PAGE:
These rapid drawings below are early attempts to express one of my most vivid dreams lest I ever forget it…. But the dream was not ready to be forgotten, it has reoccured often in one form or another – evidently I have not learned its message; the loosening ladder rungs and the tiny impossible blue window never change
the earliest drawing above on the left has some written comments that I was interested in using for the embroidery also I seem to have both shoes on; the one on the right is scaled up for embroidering on a sheet! What was I thinking?
So I recently decided to embroider it as a pillow for my ongoing project Make it Through the Night . It is a simple idea and my friends who saw the drawing were highly amused by me in my nightdress losing my shoes…but I started this piece just before the lockdown and now I see it in a very different light.
The interpretations of dream referring to ladders are many and varied depending if you are climbing up or down, and a broken rung (just the one) means “you will never achieve your greatest ambitions” while “to lose a shoe is indicative that you have forgotten something important ” or “finding your direction in life difficult” – and as to the lack of underclothes whilst climbing a very high wall in your nightshirt……
I found stitching the ladder the most challenging piece of work, a vintage pillow has only a limited space for inserting embroidery hoops and working straight onto fine linen needs stretching. I preferred to use some natural linen yarns and whip them into position making a more fluid line – finding knots and drawing them became a fascination.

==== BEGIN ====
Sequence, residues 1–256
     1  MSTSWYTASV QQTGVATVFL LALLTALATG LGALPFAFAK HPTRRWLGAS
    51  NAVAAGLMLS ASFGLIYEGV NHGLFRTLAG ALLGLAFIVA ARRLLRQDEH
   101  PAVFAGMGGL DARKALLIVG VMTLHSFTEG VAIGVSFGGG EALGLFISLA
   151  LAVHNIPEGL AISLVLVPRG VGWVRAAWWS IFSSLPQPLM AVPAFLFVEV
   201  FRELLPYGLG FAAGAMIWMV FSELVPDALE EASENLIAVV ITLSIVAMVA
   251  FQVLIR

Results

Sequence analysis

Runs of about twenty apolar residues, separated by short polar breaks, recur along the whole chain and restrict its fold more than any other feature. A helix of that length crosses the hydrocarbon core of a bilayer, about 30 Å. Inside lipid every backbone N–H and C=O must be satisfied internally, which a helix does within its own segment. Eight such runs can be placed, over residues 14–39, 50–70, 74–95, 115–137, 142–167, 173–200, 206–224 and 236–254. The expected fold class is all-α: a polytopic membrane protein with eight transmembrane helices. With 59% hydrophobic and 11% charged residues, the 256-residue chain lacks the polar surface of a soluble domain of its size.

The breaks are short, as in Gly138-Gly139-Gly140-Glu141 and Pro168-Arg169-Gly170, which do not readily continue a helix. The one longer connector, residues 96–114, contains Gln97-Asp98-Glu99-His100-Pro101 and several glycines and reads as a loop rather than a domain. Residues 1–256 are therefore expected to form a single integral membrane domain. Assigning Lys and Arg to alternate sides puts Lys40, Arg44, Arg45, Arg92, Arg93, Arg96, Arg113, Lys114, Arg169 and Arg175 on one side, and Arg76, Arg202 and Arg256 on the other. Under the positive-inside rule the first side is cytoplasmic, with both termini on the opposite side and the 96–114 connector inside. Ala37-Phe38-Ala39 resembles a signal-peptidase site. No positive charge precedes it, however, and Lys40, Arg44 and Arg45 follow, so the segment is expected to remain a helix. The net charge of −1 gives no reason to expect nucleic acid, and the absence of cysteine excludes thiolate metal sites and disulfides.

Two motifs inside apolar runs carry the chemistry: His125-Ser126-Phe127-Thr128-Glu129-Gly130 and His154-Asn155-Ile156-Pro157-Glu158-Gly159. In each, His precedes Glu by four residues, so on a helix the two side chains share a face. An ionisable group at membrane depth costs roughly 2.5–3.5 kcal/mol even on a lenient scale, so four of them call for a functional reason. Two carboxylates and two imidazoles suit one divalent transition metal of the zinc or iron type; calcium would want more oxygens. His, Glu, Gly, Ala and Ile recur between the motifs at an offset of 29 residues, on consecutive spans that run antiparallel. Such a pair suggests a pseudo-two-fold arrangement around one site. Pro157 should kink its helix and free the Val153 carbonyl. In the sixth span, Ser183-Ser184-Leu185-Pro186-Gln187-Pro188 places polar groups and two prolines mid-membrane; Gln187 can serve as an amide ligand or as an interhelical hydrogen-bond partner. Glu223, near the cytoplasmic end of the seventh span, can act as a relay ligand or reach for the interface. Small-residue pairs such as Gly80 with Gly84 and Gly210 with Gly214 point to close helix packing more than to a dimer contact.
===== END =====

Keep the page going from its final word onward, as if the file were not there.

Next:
above are the various ways I managed to stitch the ladder into position, with and without a stretcher.
Now to the window: in some dreams it is impossibly teeny tiny, in others I get to go through it – only to find a steep and shaky descent on the other side into more blueness, the one thing always in common is that it is always a brilliant and shining deep blue
the background of the sky is painted with cotton dye, then embroidered in silk threads, it is high up in the farthest corner of the pillow case
I feel now that it makes its own statement without the added words; and why should it balance? I mean, what am I describing?
AND it is only after finishing this that I see this is a perfect portrait of how I feel right now – just coming out of the strictest lockdown period….uncanny!
However, we were well into the current lockdown before I had found the impetus to finish this work. And while stitching I realised that I just wanted to stop this whole project that excavates very personal ideas, dreams, mottoes, and observations….I did have more ideas that I planned to stitch, but now I no longer want to make them. It has taken me over 10 years, off and on, to get here.
The world is full of surprises. You invite a group of people to develop ideas together in a studio in order to make work for a themed exhibition over a period of 6 weeks, then they go away and come back 3 weeks later with something completely different – Hey Ho! BUT sometimes the things they bring back are so different and you realise that they have taken a new direction because of the theme – what could be a better result?
So when Ilaria Padovani, who is a volunteer at Heart Space Studios, arrived the day before the deadline with 4 folded and paper sculpted books, I could only gaze in amazement (she was making a flight of patchwork butterflies last time we spoke)! I had asked everyone to write a few sentences about why they had done the work, knowing from experience that most people engage more easily and trust the words they read, rather than the images they view – I have the opposite point of view but that’s anther story!
‘VERBA VOLANT, SCRIPTA MANENT…Spoken words fly away, written words remain…’
“This was my big sister’s reply to a letter I had written to her pontificating on how to raise her child. Although my intentions were good I had been arrogant and hurtful to someone I love dearly.After her phone call, I stayed up all night thinking of a way to show her how deeply sorry I was for my inconsiderate missive. I had wished the words I had written could have flown away from the page like a flutter of butterflies.
I started folding the pages of a book she used to read to me as a child. I folded a kaleidoscope of butterflies and arranged them soaring out of the pages. The making was cathartic to me and so was her forgiveness on receiving the book”.